There was a public discussion recently of how to handle someone’s Facebook identity when they die. Maybe because of that, or maybe because I have to do a funeral for someone this week, I have been thinking about what other things we need to have recorded somewhere for when it’s our turn. Like for example, where is your current will? And is it up to date? So we have been putting together a list of things you need top record for your family members who will be looking after things when you are gone.
Death Tax Applies to You.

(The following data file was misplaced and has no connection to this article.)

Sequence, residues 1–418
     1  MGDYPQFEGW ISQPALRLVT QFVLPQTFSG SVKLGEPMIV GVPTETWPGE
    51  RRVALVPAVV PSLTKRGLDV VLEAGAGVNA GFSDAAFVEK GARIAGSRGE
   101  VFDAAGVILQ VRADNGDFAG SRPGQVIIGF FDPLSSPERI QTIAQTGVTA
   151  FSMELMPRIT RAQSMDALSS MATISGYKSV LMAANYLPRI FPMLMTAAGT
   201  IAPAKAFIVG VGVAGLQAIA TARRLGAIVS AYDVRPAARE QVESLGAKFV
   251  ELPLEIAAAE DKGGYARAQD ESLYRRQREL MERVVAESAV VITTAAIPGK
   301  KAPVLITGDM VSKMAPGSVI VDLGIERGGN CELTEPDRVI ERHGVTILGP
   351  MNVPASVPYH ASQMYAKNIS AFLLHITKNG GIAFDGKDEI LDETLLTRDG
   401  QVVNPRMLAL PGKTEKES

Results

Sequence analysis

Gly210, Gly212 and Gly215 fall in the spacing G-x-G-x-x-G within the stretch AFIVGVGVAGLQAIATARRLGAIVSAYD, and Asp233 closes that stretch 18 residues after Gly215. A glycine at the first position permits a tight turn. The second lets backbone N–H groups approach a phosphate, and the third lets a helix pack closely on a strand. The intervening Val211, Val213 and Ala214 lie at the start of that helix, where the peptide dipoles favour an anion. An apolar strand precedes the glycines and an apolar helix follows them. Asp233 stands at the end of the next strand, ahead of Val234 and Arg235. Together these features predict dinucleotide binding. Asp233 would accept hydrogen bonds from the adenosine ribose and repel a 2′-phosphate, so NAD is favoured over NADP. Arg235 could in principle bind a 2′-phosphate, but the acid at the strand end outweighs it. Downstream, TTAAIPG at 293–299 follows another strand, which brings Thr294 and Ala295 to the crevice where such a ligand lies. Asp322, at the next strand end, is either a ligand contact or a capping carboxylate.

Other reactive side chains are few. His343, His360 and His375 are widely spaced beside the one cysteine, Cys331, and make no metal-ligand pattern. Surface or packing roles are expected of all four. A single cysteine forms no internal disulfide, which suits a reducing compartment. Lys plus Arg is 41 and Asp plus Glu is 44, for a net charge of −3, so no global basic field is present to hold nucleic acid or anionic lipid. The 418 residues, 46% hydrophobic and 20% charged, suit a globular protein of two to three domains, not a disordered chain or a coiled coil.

But before I get to the list, there is one more thing to be said first. At a recent seminar for seniors, we were told that the government charges a “death tax” on some of our assets when we die. That’s probably news to you as it was to me, because, I thought death taxes were abolished by the government in Australia, a long time ago. The new death tax takes the form of a 15% tax on the superannuation (or pension fund) assets, which will not get passed onto a financial dependant. So, if like me, your kids are all grown up, and you have given them an enduring power of attorney, they should know that, when the hospital rings to gather the family around your bedside in your final week, the first thing they should do is to ring your fund and tell them to transfer the assets into a your bank account ASAP. It will be in their interest to make that happen because the bank accounts are not taxed at all. You may need to inform your super fund ahead of time that they are your power of attorney so there is no delay in those final days. Maybe the sooner you do that the better! You may not be able to do that in your last week!